If my memory serves me right, the report said that some pharm corp gave the impression that a soldier had "swine flu" (was actually legionaires disease) and scared the US people into recievening onnoculations (actually they were forced by the government I think). This generated over $100million for the corp but leaded in law suits for millions coz of side effects from the vaccine (palalysis) that effected thousands.

Anyone know anything about this who could possibly confirm this actually happened?

Velanarris
5 / 5 (3) May 01, 2009
Are any of you guys old enough to remember the last "outbreak" of swine flu in the US? Think it was the early '70s but I'm not sure as I read a report about it quite a while ago.



If my memory serves me right, the report said that some pharm corp gave the impression that a soldier had "swine flu" (was actually legionaires disease) and scared the US people into recievening onnoculations (actually they were forced by the government I think). This generated over $100million for the corp but leaded in law suits for millions coz of side effects from the vaccine (palalysis) that effected thousands.



Anyone know anything about this who could possibly confirm this actually happened?




I can confirm it happened. Unsurprisingly it was shortly after Vietnam and the Oil Crisis.

Hmm....

A war and oil crisis followed by a reported disease outbreak to scare the people....
Egnite
5 / 5 (2) May 01, 2009
Lol, sounds like many americans could be suffering from dejavu...
mysticfree
not rated yet May 01, 2009
if you hog medicine for the swine flu, are you incurable or redundant?
QubitTamer
2.3 / 5 (3) May 01, 2009
I don't see what all the panic is about... President Obama will save us. Have faith. Don't doubt... Don't QUESTION.

OBEY!
freethinking
1.6 / 5 (8) May 01, 2009
But Obama vice presidend says PANIC! But wait he is about as smart as a typical liberal ;)

Seriously the Mexican flu is growing faster than the projections show. But Im still trying to figure out if this is overblown or underblown, the government and the medical community look like they are saying one thing, but doing another
Trippy
5 / 5 (1) May 02, 2009
This variant of H1N1 is (as near as I can tell) being called swine flue because it is a combination of 4 different strains, but is predominantly swine in origin, and the important defining genes are swine in origin.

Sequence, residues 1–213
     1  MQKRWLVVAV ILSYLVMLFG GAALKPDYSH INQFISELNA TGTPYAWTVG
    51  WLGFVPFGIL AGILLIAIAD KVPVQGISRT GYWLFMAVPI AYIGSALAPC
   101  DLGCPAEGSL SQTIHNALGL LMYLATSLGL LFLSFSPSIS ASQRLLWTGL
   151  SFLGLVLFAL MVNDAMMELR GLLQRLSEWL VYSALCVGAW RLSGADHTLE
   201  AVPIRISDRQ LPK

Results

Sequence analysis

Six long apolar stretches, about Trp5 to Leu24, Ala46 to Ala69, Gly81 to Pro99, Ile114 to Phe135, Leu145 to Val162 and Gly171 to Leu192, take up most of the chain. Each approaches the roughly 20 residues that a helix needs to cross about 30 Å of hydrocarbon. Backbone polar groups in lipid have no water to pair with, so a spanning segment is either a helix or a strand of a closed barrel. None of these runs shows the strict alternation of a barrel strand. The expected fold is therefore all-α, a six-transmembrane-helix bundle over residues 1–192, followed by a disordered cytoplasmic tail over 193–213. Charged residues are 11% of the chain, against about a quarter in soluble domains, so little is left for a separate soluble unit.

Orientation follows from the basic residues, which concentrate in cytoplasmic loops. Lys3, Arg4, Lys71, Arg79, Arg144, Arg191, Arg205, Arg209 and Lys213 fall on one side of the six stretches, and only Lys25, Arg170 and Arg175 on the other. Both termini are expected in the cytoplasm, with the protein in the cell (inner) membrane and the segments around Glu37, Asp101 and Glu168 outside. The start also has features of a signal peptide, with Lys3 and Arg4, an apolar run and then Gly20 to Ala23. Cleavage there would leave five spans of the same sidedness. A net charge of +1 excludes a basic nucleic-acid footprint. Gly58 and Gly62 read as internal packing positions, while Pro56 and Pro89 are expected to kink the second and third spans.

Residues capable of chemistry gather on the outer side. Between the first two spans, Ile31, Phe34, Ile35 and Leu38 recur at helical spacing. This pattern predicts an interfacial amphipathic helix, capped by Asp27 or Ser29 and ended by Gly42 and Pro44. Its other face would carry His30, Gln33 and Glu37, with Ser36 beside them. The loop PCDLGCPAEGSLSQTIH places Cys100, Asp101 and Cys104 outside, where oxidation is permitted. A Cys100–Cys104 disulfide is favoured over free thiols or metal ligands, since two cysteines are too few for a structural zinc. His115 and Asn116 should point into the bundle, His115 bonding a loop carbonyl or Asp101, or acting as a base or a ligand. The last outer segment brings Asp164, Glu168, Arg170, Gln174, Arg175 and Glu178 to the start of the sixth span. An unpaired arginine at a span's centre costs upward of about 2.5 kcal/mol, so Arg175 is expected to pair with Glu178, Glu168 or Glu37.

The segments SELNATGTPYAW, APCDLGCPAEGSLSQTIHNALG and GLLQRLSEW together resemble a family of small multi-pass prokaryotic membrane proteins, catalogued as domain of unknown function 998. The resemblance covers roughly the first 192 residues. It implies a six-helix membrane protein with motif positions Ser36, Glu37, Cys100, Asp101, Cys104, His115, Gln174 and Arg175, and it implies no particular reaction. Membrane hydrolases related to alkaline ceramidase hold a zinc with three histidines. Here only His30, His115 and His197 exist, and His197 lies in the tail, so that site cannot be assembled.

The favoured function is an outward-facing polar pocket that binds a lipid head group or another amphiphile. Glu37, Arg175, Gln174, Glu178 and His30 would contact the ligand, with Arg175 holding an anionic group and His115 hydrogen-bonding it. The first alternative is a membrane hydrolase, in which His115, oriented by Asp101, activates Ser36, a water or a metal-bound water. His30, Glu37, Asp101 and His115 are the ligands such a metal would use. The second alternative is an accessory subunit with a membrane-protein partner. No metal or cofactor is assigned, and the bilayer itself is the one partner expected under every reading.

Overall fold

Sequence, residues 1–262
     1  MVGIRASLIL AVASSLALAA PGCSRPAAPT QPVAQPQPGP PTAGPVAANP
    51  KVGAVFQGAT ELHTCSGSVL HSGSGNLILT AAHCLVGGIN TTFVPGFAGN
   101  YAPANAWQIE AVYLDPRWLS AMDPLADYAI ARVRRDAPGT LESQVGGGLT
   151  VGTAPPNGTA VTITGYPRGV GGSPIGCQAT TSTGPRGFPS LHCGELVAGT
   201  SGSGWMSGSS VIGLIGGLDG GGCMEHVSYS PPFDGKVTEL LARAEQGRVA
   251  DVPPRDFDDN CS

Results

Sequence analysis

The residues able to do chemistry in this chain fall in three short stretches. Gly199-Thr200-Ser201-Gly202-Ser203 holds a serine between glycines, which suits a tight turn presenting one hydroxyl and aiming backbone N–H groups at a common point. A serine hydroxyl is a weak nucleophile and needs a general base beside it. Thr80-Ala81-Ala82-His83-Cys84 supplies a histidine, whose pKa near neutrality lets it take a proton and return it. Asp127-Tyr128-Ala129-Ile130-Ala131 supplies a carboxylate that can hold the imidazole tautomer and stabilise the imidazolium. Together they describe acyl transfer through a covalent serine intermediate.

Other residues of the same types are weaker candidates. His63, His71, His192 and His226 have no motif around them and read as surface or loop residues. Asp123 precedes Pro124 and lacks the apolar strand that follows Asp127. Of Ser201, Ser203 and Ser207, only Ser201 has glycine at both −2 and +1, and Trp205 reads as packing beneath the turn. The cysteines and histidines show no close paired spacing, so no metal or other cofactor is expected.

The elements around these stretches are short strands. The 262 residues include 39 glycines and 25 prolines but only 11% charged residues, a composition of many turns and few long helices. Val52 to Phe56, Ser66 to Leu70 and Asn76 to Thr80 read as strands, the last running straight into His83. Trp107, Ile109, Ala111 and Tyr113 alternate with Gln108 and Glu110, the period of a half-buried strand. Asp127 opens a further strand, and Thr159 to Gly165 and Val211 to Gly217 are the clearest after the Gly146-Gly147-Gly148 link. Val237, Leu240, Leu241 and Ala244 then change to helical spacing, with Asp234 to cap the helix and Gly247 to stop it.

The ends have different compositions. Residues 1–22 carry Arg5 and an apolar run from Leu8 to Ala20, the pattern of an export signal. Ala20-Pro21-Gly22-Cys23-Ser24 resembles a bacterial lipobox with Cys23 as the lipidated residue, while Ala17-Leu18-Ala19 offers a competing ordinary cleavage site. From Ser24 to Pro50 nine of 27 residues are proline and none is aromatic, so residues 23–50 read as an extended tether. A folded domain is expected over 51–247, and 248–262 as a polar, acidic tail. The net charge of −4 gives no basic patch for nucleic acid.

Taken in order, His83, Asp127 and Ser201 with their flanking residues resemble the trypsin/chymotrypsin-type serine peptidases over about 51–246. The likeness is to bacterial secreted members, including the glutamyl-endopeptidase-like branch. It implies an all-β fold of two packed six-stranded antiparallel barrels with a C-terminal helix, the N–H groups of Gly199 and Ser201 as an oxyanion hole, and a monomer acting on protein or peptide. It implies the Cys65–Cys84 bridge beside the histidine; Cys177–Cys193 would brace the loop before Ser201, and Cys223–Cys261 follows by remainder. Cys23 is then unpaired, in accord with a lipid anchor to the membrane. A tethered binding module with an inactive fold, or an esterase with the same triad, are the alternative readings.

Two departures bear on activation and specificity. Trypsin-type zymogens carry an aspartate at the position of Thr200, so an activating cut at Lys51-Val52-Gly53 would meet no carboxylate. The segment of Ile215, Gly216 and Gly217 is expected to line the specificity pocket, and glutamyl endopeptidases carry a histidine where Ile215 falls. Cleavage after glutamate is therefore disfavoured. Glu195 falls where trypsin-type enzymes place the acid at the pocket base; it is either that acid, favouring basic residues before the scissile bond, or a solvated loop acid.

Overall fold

2 Parts Pig Flu

1 Part Avian Flu

1 Part Human Flu



The HA and NA Genes are both swine in origin, (North American and European).



WHO pandemic level 5 is defined as being "Deaths in at least two countries in the same WHO region". The death of the five year old in Texas was a mexican child that was already sick when he came across the border. To my knowledge, there have been no deaths outside of mexico of people who have contracted the disease from other people out side of Mexico. So far, all of the deaths have been mexicans that have contracted the flu in Mexico.
Modernmystic
1.6 / 5 (5) May 03, 2009
Here's a bit of perspective: normal flu kills tens of thousands in the USA every year.


Ever hear of a little thing called mortality rate. Figure it for this strain in mexico and that will give you your perspective back....
Velanarris
5 / 5 (1) May 04, 2009
This variant of H1N1 is (as near as I can tell) being called swine flue because it is a combination of 4 different strains, but is predominantly swine in origin, and the important defining genes are swine in origin.
2 Parts Pig Flu
1 Part Avian Flu
1 Part Human Flu

Almost all influenza virii come from birds through swine and into humans. In rare cases it make a jump from birds directly to humans.

The influenza path is known to be Fowl to Swine to Humans. This is why most influenzas originate in Central America and Southeast Asia, where fowl and swine are raised in volume in close proximity.
Ricochet
5 / 5 (1) May 14, 2009
Let's see... 4298 cases in 47 states and 3 deaths, 2 in Texas, 1 in Washington.
Overall, not bad for a flu outbreak we weren't prepared for...
thales
not rated yet May 15, 2009
I can confirm it happened. Unsurprisingly it was shortly after Vietnam and the Oil Crisis.

Hmm....

A war and oil crisis followed by a reported disease outbreak to scare the people....


Yeah, similar to how the 1918 flu scare began at the end of WWI. Maybe there's an actual cause-effect relationship.